For the purpose of this challenge a rectangular piece of ASCII art is Mondrian if it looks the same upside down.

What does "looks the same" mean?

A feature is any orthogonally connected region of at last 5 characters. A Mondrian feature is any feature that appears in the same picture upside down. (This includes the possibility of the feature being rotationally symmetric in which case the feature counts as its own upside-down appearance.)

A picture is Mondrian if each of its characters is part of at least one Mondrian feature.

Your task:

Write a function or program that given a rectangle of ASCII characters returns it upside down if it is Mondrian and unchanged otherwise. If the entire picture is rotationally symmetric (such that it is Mondrian but has no upside-down state) the program or function should die horribly. You are free to choose amongst crash, hang, run forever, error out or simply end without output.

You may assume that the input is a clean rectangle of size at least 2x2.

This is code-golf. Standard rules apply, except despite this more or less being a binary decision you cannot do the usual truthy / falsy shenanigans.

You can take input in any reasonable format, e.g. newline separated string, list of lines, array of characters, but must output in the same format.

More clarifications on "upside down":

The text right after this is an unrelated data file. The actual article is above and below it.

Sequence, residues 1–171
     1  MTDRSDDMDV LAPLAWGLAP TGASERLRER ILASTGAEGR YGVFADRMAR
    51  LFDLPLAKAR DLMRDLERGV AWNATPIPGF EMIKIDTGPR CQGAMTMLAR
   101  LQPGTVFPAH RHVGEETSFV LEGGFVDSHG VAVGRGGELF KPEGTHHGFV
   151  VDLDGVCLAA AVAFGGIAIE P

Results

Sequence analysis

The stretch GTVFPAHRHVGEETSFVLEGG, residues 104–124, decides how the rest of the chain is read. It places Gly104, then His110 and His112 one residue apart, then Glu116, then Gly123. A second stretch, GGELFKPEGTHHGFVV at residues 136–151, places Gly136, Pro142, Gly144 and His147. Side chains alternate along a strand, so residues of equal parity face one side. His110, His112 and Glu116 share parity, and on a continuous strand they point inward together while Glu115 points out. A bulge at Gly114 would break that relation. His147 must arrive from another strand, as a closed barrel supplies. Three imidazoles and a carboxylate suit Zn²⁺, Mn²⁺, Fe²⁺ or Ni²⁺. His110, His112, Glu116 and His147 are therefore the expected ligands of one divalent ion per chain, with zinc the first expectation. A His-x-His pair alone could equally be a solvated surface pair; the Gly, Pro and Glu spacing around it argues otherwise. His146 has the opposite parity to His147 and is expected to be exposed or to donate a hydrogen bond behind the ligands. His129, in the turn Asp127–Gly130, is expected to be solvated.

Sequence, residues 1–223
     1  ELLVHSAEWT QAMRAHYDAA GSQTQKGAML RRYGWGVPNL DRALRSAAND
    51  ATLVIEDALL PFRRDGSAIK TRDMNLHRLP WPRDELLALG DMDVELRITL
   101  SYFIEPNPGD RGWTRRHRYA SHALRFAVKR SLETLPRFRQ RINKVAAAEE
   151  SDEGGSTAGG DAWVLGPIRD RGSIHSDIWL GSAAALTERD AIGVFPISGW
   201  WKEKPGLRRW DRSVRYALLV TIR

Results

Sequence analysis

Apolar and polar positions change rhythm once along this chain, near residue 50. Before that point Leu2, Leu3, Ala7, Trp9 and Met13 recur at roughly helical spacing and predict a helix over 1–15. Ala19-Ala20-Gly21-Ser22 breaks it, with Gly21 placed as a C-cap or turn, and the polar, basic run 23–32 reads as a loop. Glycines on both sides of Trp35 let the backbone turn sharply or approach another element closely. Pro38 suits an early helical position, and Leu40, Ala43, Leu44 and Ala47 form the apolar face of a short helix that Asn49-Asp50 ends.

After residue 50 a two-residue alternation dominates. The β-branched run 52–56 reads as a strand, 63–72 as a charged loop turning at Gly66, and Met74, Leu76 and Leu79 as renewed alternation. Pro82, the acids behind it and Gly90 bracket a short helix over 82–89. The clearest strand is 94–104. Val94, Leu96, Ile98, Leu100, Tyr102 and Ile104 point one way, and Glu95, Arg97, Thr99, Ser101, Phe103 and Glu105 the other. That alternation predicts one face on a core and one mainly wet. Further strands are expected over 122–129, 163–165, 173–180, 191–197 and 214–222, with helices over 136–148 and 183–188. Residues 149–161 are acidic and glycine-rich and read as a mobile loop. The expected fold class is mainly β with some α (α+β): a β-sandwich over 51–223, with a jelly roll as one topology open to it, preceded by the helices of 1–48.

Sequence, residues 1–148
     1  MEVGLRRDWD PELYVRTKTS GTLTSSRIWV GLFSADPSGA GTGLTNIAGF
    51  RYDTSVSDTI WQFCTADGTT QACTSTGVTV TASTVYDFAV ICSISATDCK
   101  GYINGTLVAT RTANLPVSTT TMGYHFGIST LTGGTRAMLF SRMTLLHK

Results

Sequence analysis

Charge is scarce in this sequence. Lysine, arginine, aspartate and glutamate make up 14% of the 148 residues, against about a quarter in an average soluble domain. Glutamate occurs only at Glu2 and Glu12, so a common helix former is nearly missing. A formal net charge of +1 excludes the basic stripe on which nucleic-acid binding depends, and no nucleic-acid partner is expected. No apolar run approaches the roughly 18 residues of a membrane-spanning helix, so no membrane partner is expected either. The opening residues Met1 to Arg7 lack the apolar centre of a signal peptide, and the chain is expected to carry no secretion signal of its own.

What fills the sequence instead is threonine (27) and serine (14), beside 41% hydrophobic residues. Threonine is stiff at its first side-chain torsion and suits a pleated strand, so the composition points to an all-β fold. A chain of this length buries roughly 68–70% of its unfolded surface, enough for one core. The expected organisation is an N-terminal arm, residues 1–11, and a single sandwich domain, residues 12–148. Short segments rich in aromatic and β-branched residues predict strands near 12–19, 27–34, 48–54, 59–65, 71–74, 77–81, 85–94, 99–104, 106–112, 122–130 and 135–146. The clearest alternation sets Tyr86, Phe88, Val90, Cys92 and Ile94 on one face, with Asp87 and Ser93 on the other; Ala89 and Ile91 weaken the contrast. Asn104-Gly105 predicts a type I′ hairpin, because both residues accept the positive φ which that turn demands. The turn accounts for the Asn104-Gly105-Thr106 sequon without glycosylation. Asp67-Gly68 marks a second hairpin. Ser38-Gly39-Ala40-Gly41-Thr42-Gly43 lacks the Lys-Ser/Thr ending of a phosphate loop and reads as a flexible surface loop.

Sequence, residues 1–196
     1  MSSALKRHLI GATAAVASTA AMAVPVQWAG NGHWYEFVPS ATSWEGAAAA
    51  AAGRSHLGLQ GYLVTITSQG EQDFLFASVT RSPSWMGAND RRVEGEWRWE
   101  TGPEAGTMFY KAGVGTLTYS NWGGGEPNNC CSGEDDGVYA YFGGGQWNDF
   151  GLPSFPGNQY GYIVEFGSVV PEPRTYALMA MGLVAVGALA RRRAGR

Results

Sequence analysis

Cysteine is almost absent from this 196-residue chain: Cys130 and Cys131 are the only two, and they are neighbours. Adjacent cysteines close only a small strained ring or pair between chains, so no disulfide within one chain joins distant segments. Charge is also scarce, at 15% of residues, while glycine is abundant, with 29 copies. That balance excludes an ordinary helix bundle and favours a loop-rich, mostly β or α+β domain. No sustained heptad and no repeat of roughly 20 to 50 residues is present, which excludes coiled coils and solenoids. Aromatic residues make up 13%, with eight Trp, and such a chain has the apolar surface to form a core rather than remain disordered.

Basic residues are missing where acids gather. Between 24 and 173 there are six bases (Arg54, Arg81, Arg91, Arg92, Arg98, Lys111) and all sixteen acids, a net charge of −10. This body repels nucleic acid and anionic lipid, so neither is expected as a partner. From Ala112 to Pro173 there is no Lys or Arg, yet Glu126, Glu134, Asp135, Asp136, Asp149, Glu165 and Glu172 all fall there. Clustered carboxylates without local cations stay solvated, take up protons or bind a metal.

• We mean (180-degree) rotation, not mirroring.

  • Characters are atoms, for example p upside down is p, not d.

Also: Features are allowed to overlap. (They do in both Mondrian examples below.)



 |     |


Explanation (possible list of Mondrian features) for 2nd example:





Not Mondrian:

./ \...

Mondrian impostor (not Mondrian):


Die horribly:

/ \
\ /
  • 5
    \$\begingroup\$ I am struggling to understand the rule "A Mondrian feature is any feature that appears in the same picture upside down" even with the test cases. Eg, I don't see why the 2nd truthy example is Mondrian, or why the imposter is not Mondrian -- the entire middle section appears the same upside down, and is larger than 5 chars.... \$\endgroup\$
    – Jonah
    Commented Oct 30, 2022 at 4:18
  • 2
    \$\begingroup\$ I've closed this as unclear to temporarily stop potentially invalid answers. It is not clear whether features can overlap and the entire phrasing of this is very disjointed in a way that makes it hard to understand. \$\endgroup\$
    – Wheat Wizard
    Commented Oct 30, 2022 at 18:40
  • 2
    \$\begingroup\$ Fwiw, it took me a while but once I got it, it's pretty simple. Take every possible subrectangle of the input, and for each, rotate it 180 in place and mark every invariant element as a 1 iff it is part of an orthogonally connected block of other invariant elements at least 5 big. After doing that for every subrectangle, including the original input itself, has every element been marked a 1 at some point? If so, the input is Mondrian. Then add on the "die" as a special case. \$\endgroup\$
    – Jonah
    Commented Oct 30, 2022 at 18:50
  • 1